Objective: This study was undertaken to determine the relationship between the time spent teaching various manual procedures in each of two different chiropractic colleges and the actual practice of those procedures in the graduate clinical environment of the doctors involved.
Methods: A simple questionnaire instrument was constructed to assess the frequency of use of 9 different manual evaluation treatment procedures. All graduates from the two chiropractic colleges in the state of Texas who obtained their license between 1988 and 1993 were polled. Reliability was studied by polling the first 30 qualified respondents twice and was found to be acceptable. The college curriculum with respect to the techniques studied was compared with the perceived use of the various techniques by the graduates surveyed.
Results: A total of 224 of 322 (70%) surveys were returned for consideration. Of these, 197 met all of the inclusion/exclusion criteria and were assessed as part of the sample. Significant differences were found between the colleges with respect to perceived practitioner use of Activator (÷2 = 14.247, P = .004), Thompson technique (÷2 = 57.702, P = .000), Gonstead (÷2 = 52.173, P = .000), and flexion-distraction (÷2 = 29.424, P = .000).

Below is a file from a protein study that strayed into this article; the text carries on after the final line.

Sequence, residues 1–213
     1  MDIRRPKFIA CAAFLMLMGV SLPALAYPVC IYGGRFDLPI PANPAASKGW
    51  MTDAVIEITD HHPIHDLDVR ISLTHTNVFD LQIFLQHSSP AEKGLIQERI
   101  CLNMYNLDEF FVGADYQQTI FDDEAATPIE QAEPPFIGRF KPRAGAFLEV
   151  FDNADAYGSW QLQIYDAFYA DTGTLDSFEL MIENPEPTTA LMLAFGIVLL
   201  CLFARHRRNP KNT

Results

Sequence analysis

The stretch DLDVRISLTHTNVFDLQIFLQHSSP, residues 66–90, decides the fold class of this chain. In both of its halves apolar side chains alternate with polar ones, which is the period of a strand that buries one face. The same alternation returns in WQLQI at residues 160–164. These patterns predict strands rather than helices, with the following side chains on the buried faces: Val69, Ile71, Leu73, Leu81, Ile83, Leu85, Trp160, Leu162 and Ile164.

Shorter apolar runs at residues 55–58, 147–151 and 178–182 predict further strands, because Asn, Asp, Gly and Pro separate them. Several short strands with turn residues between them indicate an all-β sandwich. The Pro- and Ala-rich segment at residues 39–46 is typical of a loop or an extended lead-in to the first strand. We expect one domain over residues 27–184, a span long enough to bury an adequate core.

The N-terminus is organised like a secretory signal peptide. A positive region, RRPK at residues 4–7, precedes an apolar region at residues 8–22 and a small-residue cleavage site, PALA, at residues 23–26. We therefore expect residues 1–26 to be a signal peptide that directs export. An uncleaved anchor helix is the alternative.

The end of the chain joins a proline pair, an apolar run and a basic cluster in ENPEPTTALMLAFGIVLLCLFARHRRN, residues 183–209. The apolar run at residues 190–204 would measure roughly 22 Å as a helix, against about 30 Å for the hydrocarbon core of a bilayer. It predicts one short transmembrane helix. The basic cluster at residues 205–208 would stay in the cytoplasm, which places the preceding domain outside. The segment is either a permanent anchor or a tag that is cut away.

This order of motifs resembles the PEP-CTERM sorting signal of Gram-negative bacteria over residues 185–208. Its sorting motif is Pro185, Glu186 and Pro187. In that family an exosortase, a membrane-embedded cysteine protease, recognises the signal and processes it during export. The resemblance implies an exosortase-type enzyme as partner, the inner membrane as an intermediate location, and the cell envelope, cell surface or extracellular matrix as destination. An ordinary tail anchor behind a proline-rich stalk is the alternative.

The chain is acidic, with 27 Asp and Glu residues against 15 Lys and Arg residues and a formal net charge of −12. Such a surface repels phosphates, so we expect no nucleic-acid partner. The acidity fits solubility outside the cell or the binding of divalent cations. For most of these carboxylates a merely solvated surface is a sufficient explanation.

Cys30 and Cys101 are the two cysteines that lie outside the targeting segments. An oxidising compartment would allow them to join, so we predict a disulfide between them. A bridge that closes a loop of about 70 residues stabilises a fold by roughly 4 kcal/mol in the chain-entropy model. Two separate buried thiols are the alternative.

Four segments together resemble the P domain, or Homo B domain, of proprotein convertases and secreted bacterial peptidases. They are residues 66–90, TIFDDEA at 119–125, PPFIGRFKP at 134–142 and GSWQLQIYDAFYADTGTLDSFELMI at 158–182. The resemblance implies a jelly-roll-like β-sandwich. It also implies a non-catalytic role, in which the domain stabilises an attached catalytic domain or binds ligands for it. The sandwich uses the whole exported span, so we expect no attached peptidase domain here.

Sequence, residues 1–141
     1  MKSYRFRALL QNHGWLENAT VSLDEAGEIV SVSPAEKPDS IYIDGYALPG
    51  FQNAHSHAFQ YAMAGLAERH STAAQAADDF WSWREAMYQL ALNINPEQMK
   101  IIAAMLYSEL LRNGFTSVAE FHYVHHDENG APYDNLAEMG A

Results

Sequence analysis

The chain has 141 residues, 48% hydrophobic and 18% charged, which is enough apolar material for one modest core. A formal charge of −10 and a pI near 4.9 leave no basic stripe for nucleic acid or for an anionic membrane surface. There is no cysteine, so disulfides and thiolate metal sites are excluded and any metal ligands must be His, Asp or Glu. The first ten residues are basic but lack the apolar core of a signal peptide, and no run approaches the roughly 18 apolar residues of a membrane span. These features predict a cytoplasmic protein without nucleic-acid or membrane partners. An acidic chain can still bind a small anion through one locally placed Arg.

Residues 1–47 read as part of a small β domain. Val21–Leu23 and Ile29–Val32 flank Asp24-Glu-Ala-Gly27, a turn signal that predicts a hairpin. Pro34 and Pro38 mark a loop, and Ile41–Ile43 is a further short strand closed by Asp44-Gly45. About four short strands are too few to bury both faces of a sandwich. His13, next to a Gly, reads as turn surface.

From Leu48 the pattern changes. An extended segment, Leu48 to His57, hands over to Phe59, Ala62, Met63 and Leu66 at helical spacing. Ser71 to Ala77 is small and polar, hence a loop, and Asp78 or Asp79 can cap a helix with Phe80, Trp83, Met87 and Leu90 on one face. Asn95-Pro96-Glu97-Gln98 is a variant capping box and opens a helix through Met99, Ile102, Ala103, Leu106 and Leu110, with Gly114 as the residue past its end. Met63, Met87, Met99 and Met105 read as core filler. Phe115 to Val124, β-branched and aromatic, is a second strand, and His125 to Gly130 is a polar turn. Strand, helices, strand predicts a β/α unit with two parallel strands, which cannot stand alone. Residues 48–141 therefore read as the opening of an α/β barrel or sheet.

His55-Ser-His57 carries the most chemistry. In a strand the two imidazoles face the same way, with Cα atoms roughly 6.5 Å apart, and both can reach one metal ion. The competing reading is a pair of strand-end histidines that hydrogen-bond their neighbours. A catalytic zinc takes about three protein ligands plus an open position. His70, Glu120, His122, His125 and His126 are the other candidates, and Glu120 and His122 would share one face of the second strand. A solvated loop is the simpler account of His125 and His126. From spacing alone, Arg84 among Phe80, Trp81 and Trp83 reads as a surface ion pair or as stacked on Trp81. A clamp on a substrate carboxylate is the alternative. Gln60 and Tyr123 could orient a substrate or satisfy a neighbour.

Conclusion: Data from this research provide evidence that a relationship does exist between manual procedures taught in two different chiropractic colleges and the perceived use of those procedures in actual clinical practice. Implications of this relationship are discussed. (J Manipulative Physiol Ther 1998;22:29–31)
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